I was walking down the hall this morning with a new nurse, and she asked, “so, were you an IV nurse before this?”
She said it with genuine respect as I followed her down the hall to the room of her “hard stick.”
“Nah,” I replied. “I’ve just been putting em in for twenty years.”
“That’ll do it,” she replied in awe.
I wasn’t even working on that floor. It was one I sometimes floated to, and I had run quickly there from my Intensive Care Unit to grab a stowed jacket. When this new nurse had seen me her eyes lit up, and she eagerly let me know she needed me. It seems I had quickly garnered the reputation on that floor of being very skilled at inserting IV’s. As I walked with her to her room (confident that whatever veins awaited me I’d nail it first try) I realized just how odd this was.
I had become the nurse you asked to help you get an IV started in a patient with “bad veins.”
It was crazy, but I was the one you came to when you had a question, needed a second opinion, or encountered something you had never seen before.
Even more crazy, it had occurred to me over the past year that I had become that older nurse with decades of experience that I used to look up to. Now I was the more seasoned RN on the floor.
I bet you’re wondering when the advice is going to come in. Well, here’s the thing. Most of the time it seems like only yesterday that I was the one with shaking hands when I started my first IV (or two, or three), or that I was the one going insane questioning every single move I made. I was the anxious young woman with a nervous stomach. I was the one afraid to call and wake up the doctor. I was the nurse scared to death of making a mistake, running my butt off to try and get things done on time, but leaving an hour late regardless. That was me. But now, it’s not.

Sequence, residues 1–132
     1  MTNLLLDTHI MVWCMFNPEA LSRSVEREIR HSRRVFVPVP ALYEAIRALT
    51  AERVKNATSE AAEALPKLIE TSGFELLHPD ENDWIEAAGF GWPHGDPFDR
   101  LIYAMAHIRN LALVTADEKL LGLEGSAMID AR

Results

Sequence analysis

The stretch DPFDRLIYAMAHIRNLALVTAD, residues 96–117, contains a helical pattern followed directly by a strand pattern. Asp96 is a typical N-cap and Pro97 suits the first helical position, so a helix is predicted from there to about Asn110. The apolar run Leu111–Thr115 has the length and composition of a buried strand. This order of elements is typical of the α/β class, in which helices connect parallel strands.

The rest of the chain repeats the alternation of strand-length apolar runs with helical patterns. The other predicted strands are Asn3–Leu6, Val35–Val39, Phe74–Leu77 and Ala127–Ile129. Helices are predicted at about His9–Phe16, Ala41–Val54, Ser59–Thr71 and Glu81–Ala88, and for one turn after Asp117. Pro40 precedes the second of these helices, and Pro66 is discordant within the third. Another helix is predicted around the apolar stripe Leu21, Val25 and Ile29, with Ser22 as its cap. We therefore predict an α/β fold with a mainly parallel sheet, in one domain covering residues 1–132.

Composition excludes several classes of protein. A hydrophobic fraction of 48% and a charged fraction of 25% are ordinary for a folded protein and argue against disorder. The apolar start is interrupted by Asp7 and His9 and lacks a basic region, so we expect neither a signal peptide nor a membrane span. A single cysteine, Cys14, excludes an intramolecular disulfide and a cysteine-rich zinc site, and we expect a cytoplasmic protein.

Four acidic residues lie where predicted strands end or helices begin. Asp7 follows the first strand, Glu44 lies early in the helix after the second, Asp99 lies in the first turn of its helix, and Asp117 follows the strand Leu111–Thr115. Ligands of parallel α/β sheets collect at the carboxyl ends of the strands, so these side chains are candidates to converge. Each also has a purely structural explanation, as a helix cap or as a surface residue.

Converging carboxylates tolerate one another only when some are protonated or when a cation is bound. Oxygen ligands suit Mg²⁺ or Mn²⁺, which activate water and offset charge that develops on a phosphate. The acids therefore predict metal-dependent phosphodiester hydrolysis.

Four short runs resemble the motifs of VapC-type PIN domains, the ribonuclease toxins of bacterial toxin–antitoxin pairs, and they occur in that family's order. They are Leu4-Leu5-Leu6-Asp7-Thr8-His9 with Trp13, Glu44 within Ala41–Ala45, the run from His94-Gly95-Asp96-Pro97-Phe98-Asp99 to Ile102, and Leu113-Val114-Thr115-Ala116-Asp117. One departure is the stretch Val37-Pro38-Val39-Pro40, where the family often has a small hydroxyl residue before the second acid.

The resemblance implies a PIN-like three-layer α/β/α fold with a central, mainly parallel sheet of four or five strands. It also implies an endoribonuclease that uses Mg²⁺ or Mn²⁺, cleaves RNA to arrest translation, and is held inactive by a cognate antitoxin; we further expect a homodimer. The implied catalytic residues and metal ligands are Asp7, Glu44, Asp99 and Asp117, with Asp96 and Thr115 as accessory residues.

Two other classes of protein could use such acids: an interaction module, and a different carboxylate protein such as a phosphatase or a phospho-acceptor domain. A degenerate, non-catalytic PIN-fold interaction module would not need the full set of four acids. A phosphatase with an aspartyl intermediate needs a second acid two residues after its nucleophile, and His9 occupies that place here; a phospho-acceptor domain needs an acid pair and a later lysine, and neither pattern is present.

Time passes quick at the bedside. It may not feel like it when you’re trying to make it through a crazy, twelve hour shift, but trust me. One day you will look up and realize a year has gone by, then two, five, and beyond if you decide to stay. On a side note, the patients hope you will. There are far too few of us seasoned (but not salty) bedside RN’s left.
So, here’s what I want you to do. I want you to enjoy yourself. I know that’s not always easy when you’re trying not to bang your head against the wall in frustration, but bear with me. You see, right now is a wonderful opportunity for you. You have the chance to be a sponge, to ask a thousand
dumb inquisitive questions, and to take every instance you can to learn.
I remember as a young nurse feeling like I should know more, and often times I neglected to ask for confirmation on a situation because I didn’t want to appear like an idiot. Don’t get me wrong. I never did anything to put my patient at risk, but I did lose many opportunities to increase my knowledge in favor of saving face.
I can also recall not taking chances, not grabbing at situations where I could grow my knowledge base and skill level. Rather than missing an IV that looked hard, I might just ask someone else to do it for me. When faced with the chance to take care of a really critical patient, I would be more than willing to pass it along. This only hurt me. My fear of messing up held me back. Don’t do that.
Being a new nurse is hard. Even though you went to school there’s still so much to learn! I get it. But don’t let this keep you from grabbing those extra certifications and educational opportunities. These things will only add to your knowledge, making you a better nurse in the long run.
So, if you’re just barely keeping your head above water as a new grad, hang in there. Know you’re not the first to feel that way. But just make sure you don’t end up floating along content on still waters. Stir it up. Realize that while being a new nurse is hard, what can be really difficult is being an older nurse who everyone comes to. Because one day you will look up to ask a question, and you’ll realize you’re the most experienced person there. You will be the one people come to. You’ll be the one teaching others, mentoring new nurses, and offering your venipuncture skills to the masses. It happens before you know it. So enjoy your season to learn and grow. Your future patients will thank you.